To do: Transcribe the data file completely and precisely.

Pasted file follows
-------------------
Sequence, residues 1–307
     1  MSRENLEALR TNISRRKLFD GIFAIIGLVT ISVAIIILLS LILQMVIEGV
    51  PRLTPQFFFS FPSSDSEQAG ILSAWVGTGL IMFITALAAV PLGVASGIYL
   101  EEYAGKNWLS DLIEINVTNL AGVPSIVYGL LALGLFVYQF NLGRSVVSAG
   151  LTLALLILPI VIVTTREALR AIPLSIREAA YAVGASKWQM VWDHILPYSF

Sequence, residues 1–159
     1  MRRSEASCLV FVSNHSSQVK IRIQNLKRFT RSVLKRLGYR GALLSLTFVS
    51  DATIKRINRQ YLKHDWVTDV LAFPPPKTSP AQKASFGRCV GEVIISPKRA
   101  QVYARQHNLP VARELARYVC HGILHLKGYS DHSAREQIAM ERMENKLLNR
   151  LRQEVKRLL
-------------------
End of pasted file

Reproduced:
Sequence, residues 1–307
     1  MSRENLEALR TNISRRKLFD GIFAIIGLVT ISVAIIILLS LILQMVIEGV
    51  PRLTPQFFFS FPSSDSEQAG ILSAWVGTGL IMFITALAAV PLGVASGIYL
   101  EEYAGKNWLS DLIEINVTNL AGVPSIVYGL LALGLFVYQF NLGRSVVSAG
   151  LTLALLILPI VIVTTREALR AIPLSIREAA YAVGASKWQM VWDHILPYSF

Sequence, residues 1–159
     1  MRRSEASCLV FVSNHSSQVK IRIQNLKRFT RSVLKRLGYR GALLSLTFVS
    51  DATIKRINRQ YLKHDWVTDV LAFPPPKTSP AQKASFGRCV GEVIISPKRA
   101  QVYARQHNLP VARELARYVC HGILHLKGYS DHSAREQIAM ERMENKLLNR
   151  LRQEVKRLL